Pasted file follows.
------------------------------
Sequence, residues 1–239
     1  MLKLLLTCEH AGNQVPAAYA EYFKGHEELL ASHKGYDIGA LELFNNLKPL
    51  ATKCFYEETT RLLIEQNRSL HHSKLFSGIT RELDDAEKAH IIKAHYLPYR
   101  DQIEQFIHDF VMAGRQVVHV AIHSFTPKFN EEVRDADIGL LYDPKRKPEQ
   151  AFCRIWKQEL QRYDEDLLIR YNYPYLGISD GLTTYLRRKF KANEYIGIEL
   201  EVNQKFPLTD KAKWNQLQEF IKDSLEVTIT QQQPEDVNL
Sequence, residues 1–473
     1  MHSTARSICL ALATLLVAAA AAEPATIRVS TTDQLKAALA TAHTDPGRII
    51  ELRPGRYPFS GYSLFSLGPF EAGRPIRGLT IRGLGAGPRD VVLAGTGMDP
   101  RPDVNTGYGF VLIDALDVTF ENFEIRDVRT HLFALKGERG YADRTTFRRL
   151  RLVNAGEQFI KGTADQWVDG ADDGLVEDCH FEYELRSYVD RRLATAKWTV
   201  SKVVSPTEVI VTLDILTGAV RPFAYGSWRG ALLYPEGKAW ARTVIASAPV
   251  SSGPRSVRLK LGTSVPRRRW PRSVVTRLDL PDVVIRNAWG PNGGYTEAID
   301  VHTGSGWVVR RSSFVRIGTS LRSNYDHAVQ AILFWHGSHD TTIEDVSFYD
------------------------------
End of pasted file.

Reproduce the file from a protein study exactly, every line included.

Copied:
Sequence, residues 1–239
     1  MLKLLLTCEH AGNQVPAAYA EYFKGHEELL ASHKGYDIGA LELFNNLKPL
    51  ATKCFYEETT RLLIEQNRSL HHSKLFSGIT RELDDAEKAH IIKAHYLPYR
   101  DQIEQFIHDF VMAGRQVVHV AIHSFTPKFN EEVRDADIGL LYDPKRKPEQ
   151  AFCRIWKQEL QRYDEDLLIR YNYPYLGISD GLTTYLRRKF KANEYIGIEL
   201  EVNQKFPLTD KAKWNQLQEF IKDSLEVTIT QQQPEDVNL
Sequence, residues 1–473
     1  MHSTARSICL ALATLLVAAA AAEPATIRVS TTDQLKAALA TAHTDPGRII
    51  ELRPGRYPFS GYSLFSLGPF EAGRPIRGLT IRGLGAGPRD VVLAGTGMDP
   101  RPDVNTGYGF VLIDALDVTF ENFEIRDVRT HLFALKGERG YADRTTFRRL
   151  RLVNAGEQFI KGTADQWVDG ADDGLVEDCH FEYELRSYVD RRLATAKWTV
   201  SKVVSPTEVI VTLDILTGAV RPFAYGSWRG ALLYPEGKAW ARTVIASAPV
   251  SSGPRSVRLK LGTSVPRRRW PRSVVTRLDL PDVVIRNAWG PNGGYTEAID
   301  VHTGSGWVVR RSSFVRIGTS LRSNYDHAVQ AILFWHGSHD TTIEDVSFYD